This article is an excerpt from my book, Atomic Habits.
John Henry Patterson was born in Dayton, Ohio, in 1844. He spent his childhood doing chores on the family farm and working shifts at his father’s sawmill. After attending college at Dartmouth, Patterson returned to Ohio and opened a small supply store for coal miners.
It seemed like a good opportunity. The store faced little competition and enjoyed a steady stream of customers, but—for some reason—Patterson’s shop still struggled to make money.
Eventually, he learned why: his employees were stealing from him.
In the mid-1800s, employee theft was a common problem. Receipts were kept in an open drawer and could easily be altered or discarded. There were no video cameras to review behavior and no software to track transactions. Unless you were willing to hover over your employees every minute of the day, or to manage all transactions yourself, it was difficult to prevent theft.
As Patterson mulled over his predicament, he came across an advertisement for a new invention called Ritty’s Incorruptible Cashier. Designed by fellow Dayton resident James Ritty, it was the first cash register. The machine automatically locked the cash and receipts inside after each transaction. Patterson bought two for fifty dollars each.
Employee theft at his store vanished overnight. In the next six months, Patterson’s business went from losing money to making $5,000 in profit—the equivalent of more than $100,000 today.
Patterson was so impressed with the machine that he changed businesses. He bought the rights to Ritty’s invention and opened the National Cash Register Company. Ten years later, National Cash Register had over one thousand employees and was on its way to becoming one of the most successful businesses in America.
The Best Way to Change a Habit
The brilliance of the cash register was that it automated ethical behavior by making stealing practically impossible. Rather than trying to change the motivations of his employees, Patterson used technology to make the preferred behavior automatic.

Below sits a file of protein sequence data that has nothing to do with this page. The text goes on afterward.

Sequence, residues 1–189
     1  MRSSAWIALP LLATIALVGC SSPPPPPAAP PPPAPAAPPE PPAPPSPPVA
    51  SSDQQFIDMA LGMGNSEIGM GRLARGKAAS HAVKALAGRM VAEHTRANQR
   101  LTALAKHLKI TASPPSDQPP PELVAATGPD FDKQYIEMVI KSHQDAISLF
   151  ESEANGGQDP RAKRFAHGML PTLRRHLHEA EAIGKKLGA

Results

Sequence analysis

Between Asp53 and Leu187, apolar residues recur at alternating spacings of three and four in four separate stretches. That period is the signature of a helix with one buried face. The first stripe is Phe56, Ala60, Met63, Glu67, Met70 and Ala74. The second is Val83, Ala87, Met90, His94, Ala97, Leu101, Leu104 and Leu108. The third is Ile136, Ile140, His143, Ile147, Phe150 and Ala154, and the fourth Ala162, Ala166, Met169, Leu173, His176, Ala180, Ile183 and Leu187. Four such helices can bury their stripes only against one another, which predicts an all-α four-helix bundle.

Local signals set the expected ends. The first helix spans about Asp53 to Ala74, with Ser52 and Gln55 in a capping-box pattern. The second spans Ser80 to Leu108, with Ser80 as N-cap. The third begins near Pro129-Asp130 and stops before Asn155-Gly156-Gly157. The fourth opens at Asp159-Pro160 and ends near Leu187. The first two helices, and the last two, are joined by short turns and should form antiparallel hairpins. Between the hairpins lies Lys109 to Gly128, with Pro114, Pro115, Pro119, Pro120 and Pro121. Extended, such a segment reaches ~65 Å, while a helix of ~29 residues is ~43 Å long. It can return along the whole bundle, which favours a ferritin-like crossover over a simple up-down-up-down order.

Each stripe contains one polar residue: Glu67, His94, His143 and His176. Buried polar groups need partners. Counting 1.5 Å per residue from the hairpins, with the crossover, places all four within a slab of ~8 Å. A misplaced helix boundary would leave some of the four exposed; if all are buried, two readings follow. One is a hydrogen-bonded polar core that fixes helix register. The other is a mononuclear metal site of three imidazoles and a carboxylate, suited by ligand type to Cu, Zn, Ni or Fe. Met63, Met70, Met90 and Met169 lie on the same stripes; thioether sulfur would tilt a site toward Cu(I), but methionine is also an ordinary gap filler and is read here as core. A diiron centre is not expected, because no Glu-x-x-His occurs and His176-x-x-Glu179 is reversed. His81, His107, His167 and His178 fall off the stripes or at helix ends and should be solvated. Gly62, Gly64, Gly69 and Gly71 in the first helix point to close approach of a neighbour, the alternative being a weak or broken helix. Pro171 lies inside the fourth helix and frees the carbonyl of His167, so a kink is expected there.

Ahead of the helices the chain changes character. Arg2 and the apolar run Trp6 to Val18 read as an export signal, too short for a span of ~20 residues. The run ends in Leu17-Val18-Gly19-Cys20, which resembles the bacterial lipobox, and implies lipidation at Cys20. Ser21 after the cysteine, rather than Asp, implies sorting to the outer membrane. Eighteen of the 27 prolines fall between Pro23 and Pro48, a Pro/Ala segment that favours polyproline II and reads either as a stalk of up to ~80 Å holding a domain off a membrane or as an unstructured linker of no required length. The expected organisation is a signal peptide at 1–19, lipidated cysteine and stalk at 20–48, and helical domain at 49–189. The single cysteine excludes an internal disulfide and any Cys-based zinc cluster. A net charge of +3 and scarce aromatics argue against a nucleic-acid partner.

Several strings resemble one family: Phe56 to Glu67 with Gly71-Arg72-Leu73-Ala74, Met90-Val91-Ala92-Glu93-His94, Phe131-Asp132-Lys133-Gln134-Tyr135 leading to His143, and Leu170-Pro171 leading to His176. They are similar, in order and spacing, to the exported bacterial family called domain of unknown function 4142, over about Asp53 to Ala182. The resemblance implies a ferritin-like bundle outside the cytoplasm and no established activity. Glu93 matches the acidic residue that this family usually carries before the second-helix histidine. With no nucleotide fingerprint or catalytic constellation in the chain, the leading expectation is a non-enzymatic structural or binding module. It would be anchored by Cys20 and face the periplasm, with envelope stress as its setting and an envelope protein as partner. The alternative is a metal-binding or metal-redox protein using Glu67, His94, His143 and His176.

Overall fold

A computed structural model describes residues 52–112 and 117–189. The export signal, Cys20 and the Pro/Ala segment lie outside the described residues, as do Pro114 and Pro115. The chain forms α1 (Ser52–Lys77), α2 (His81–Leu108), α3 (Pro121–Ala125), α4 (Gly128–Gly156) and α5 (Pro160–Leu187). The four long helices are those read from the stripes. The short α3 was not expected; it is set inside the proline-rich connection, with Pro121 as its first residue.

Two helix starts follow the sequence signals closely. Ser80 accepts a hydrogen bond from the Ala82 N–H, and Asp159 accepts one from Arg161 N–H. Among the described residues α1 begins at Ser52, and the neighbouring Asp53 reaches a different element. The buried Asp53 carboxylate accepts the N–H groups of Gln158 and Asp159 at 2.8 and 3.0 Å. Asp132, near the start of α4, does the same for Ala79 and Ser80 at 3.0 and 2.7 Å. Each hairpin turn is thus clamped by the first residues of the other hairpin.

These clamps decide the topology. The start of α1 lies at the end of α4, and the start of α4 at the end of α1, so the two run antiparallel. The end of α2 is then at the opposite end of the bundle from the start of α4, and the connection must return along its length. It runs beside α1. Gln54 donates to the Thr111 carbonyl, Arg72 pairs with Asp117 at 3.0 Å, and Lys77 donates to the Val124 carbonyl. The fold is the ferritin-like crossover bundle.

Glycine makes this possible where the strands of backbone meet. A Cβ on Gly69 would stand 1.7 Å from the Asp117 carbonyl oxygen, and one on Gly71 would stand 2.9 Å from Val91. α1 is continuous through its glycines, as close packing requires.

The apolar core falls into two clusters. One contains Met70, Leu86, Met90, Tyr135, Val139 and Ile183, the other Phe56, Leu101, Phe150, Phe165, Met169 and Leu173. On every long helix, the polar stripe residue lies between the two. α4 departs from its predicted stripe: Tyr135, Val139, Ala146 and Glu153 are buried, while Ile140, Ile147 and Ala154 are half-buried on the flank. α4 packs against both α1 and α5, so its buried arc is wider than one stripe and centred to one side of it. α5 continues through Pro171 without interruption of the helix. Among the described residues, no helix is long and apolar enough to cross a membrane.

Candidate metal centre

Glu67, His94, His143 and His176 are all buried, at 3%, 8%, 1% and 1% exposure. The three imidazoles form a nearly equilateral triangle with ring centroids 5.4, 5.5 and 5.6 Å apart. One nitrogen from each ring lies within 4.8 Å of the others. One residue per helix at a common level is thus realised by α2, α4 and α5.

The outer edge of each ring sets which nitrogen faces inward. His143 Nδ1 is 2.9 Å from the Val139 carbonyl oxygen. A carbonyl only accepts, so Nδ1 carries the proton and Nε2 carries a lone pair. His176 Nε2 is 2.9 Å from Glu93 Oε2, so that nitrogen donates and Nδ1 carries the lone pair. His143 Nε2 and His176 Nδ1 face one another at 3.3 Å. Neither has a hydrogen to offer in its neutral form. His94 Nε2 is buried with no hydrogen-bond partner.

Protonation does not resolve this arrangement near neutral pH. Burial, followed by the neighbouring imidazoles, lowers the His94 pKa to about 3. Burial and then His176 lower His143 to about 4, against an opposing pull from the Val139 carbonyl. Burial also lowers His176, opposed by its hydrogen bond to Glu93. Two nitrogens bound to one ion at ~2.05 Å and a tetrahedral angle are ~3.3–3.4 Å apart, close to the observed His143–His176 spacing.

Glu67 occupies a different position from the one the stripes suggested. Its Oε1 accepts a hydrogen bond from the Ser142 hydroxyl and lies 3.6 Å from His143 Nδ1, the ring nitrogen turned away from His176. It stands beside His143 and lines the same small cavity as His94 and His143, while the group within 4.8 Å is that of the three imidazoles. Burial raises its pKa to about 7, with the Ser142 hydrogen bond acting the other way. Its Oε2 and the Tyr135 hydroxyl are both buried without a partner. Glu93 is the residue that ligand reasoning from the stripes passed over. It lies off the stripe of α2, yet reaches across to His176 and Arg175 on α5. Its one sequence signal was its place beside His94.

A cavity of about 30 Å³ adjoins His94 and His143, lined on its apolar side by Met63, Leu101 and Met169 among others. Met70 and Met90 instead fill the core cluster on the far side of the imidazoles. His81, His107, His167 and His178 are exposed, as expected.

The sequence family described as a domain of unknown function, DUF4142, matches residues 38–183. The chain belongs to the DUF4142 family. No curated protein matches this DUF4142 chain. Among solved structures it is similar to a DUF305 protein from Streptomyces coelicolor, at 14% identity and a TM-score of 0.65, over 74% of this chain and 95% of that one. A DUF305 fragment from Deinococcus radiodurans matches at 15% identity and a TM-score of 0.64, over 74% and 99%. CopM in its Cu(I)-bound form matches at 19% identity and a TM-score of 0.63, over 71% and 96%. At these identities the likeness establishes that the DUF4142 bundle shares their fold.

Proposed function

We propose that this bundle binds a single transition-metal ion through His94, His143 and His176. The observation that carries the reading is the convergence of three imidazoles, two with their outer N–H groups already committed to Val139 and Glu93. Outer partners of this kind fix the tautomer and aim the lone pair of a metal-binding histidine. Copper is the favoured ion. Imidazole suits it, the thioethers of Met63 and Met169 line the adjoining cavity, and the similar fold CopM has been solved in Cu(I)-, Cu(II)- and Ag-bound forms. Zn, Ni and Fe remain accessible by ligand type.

There is an important lesson within this story that we can apply to all habits and behaviors. The best way to break a bad habit is to make it impossible to do. And the best way to create a good habit is to automate a habit, so you never have to think about it again.
Typically, when people think about automating something, they imagine technology or a piece of software. And, certainly, this is a great way to automate a habit. You can save for retirement with an automatic deduction from your paycheck. You can curtail social media browsing with a website blocker.
Technology can transform actions that were once hard, annoying, and complicated into behaviors that are easy, painless, and simple. It is the most reliable and effective way to guarantee the right behavior.
But there are also many ways to “automate” your future decisions that don’t necessarily involve a piece of software.
Onetime Actions That Lock In Good Habits
One of the most practical ways to automate a habit is to look for onetime choices that require a little bit of effort up front but create increasing value over time.
I’m fascinated by these single choices that can deliver returns again and again. Not long ago, I surveyed my readers on their favorite onetime actions that lead to better long-term habits.
Here are a few of the popular answers…
- Nutrition: Use smaller plates to reduce caloric intake.
- Sleep: Remove your television from your bedroom.
- Productivity: Delete games and social media apps from your phone.
- Focus: Permanently set your phone in Do Not Disturb mode.
- Happiness: Get a dog.
- Health: Buy better shoes to avoid back pain.
- Finance: Call your service providers (cable, electric, etc.) and ask for a lower rate.
These onetime actions only require effort once and make it easier to get better sleep, eat healthy, be productive, save money, and generally live better.
The Upside of Automation
The mathematician and philosopher Alfred North Whitehead wrote, “Civilization advances by extending the number of operations we can perform without thinking about them.”
Today, technology and automation can handle an increasing number of daily tasks. Meal-delivery services can go grocery shopping for you. Healthcare services can automatically refill your prescriptions and ship them to you. IUDs can manage birth control on autopilot.
Each habit that we hand over to the authority of technology frees up time and energy to pour into the next stage of growth. When you automate a habit as much of your life as you possibly can, you can spend your mental energy on the tasks machines cannot yet do.
Automation is particularly useful for behaviors that happen too infrequently to become habitual. Things you have to do monthly or yearly—like rebalancing your investment portfolio—are never repeated frequently enough to become a habit, so they benefit in particular from technology “remembering” to do them for you.
The Downside of Automation
Of course, the power of technology can work against us as well.
Binge watching becomes a habit because it takes more effort to stop Read More…